But since taking over the presidency, he has, at least publicly, made some positive moves. In particular, he has openly agreed that Uzbekistan’s government had not delivered returns for its people, nor had it served them well. He has spoken out about corruption and abuses of power, systemic violations of human rights, and even torture, child labor, and forced labor. He has pledged to tackle unemployment, poverty, and the factors that drive Uzbeks to migrate in search of work. In a country long ruled by a dictator, where people take their cues from the leader, even what could appear to be mere promises signaled a changed environment. Uzbek officials who once talked to me only furtively now clamored to talk to VOA (albeit not always on the record). And they did so with unprecedented candor and latitude.
Senator Sodiq Safayev spoke openly to me about the need for a new kind of parliament—a more effective rather than largely symbolic one. He admits that lawmakers in Uzbekistan’s current legislative setup are simply incapable of overseeing genuine reforms. Justice Minister Ruslanbek Davletov came to VOA’s studios in Washington to say Uzbekistan was engaging human-rights organizations and learning from American experience in building a rules-based system. Then, Labor Minister Sherzod Kudbiyev, a close Mirziyoyev adviser, invited VOA to his Tashkent office to discuss how to end forced labor, and touted expanded cooperation with the International Labour Organization and local human-rights defenders to prevent exploitation during the cotton harvest. Tanzila Narbayeva, now chairwoman of the Senate, described her time as deputy prime minister and spoke of how much work it will take to close Uzbekistan’s gender gap.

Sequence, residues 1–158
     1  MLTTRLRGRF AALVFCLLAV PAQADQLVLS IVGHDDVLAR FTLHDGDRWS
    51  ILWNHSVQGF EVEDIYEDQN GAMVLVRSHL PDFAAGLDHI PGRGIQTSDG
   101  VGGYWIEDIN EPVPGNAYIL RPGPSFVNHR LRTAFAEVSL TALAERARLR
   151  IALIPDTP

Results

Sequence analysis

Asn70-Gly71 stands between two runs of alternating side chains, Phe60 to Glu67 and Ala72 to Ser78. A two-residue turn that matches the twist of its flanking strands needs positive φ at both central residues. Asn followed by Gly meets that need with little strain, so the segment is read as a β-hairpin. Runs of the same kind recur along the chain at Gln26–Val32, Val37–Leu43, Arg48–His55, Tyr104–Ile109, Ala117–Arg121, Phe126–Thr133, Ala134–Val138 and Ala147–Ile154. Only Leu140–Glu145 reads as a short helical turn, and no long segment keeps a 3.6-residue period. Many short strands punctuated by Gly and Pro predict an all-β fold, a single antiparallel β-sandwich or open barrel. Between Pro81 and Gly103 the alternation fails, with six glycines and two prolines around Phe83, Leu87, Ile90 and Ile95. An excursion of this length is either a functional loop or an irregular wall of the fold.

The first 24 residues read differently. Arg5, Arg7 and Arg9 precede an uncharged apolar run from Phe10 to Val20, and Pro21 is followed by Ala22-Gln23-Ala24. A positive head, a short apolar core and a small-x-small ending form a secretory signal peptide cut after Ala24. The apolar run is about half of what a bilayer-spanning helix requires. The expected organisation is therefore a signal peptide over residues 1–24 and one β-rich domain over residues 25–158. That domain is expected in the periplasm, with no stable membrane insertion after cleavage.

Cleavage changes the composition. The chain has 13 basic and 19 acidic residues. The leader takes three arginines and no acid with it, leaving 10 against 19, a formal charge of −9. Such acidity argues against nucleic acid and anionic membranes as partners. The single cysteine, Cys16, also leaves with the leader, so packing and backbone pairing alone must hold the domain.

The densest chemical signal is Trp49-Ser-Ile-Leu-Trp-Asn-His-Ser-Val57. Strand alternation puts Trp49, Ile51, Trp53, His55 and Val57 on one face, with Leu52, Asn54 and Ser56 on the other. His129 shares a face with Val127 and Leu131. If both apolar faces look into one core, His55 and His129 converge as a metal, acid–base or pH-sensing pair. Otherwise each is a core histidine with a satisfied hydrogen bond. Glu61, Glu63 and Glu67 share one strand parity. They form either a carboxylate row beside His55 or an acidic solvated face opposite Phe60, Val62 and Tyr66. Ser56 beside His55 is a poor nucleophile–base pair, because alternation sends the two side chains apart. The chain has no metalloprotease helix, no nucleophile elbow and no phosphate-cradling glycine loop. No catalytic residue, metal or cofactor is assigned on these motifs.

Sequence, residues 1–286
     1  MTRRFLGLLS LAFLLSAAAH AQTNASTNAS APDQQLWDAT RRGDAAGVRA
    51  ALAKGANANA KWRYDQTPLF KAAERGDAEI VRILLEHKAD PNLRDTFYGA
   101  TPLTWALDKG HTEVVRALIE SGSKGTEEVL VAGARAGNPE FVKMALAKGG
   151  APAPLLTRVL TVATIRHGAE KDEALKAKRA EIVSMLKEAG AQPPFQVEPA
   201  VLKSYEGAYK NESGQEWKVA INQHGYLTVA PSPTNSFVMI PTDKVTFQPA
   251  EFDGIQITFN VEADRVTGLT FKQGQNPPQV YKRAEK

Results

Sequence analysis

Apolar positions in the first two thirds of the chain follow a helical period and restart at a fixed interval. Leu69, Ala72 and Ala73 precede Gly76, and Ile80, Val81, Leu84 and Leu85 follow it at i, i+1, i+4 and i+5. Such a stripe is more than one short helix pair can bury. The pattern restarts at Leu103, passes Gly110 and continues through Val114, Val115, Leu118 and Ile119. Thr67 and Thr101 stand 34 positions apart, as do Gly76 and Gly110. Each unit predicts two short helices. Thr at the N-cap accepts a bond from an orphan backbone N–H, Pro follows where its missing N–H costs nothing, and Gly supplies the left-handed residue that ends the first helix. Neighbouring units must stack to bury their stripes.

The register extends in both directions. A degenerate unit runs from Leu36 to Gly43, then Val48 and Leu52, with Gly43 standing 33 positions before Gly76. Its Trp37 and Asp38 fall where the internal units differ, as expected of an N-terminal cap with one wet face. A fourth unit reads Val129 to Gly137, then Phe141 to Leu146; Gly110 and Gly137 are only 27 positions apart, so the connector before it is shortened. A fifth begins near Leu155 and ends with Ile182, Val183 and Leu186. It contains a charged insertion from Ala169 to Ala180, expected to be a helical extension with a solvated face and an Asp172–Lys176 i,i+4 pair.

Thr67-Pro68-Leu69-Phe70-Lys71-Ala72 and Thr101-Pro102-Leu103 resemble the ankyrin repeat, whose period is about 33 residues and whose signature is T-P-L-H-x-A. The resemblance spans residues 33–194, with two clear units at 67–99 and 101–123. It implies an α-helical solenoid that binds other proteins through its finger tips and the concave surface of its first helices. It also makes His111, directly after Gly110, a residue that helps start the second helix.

These comments may appear to be just rhetoric, with little tangible prospect of follow-up, and that may well end up being the case. But that they are speaking so openly is remarkable. No media have had such access or straightforward conversations with Uzbek officials in recent history. Under Karimov, the system was shuttered, full stop. Official interviews were rare and tightly controlled.
What is driving this change? How did Uzbekistan get here? Uzbeks themselves struggle to answer these questions. It could be the promise of greater foreign investment in a country with a more dependable legal system. Or the desire to no longer be seen as an international pariah. One thing is clear: Mirziyoyev is driving the shift.
I often ask Uzbeks, including government officials, why they should trust Mirziyoyev, who is, after all, the product of Karimov’s own system. They tell me that Mirziyoyev actually knew the extent of the problems in the Uzbek economy, of the damage to the country’s image, of the lack of credibility it held, and of the extensive abuse in the system. Merely by raising these issues, Mirziyoyev owns them. And if he’s doing that, officials and ordinary citizens that I speak to ask rhetorically, why not support and trust him?